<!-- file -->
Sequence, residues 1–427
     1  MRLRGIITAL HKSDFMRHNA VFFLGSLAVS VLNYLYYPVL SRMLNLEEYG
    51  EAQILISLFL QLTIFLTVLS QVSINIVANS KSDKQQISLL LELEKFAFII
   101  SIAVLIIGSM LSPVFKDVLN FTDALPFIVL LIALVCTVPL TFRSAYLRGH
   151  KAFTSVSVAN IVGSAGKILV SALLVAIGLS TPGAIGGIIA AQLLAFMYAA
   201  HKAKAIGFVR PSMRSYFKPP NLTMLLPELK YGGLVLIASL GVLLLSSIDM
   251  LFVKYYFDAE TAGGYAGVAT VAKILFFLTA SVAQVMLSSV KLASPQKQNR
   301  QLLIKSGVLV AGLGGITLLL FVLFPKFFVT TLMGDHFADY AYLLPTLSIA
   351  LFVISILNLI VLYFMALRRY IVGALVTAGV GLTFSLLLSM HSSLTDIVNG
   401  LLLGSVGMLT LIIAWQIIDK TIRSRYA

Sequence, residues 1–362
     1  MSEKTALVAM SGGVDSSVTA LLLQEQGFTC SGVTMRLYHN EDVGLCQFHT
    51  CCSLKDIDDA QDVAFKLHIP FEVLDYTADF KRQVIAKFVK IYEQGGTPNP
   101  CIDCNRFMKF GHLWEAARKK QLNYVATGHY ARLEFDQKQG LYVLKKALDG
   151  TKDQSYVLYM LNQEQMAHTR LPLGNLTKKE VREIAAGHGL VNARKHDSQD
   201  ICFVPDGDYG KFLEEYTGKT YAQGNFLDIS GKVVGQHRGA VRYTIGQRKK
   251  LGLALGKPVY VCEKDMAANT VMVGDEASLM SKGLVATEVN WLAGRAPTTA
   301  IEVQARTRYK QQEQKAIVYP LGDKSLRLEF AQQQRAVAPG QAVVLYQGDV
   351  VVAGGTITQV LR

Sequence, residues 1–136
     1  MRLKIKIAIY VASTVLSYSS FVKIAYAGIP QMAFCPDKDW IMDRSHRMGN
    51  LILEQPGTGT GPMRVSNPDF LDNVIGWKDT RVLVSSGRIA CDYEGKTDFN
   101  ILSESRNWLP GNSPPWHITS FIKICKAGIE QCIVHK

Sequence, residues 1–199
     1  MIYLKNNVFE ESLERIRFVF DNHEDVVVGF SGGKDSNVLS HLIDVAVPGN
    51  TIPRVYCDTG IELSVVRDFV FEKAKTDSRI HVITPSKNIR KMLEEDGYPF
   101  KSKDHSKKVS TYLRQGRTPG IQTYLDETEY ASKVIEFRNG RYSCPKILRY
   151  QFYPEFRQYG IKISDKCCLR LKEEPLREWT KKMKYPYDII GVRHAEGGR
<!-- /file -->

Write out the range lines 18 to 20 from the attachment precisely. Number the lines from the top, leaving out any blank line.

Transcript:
   301  IEVQARTRYK QQEQKAIVYP LGDKSLRLEF AQQQRAVAPG QAVVLYQGDV
   351  VVAGGTITQV LR

Sequence, residues 1–136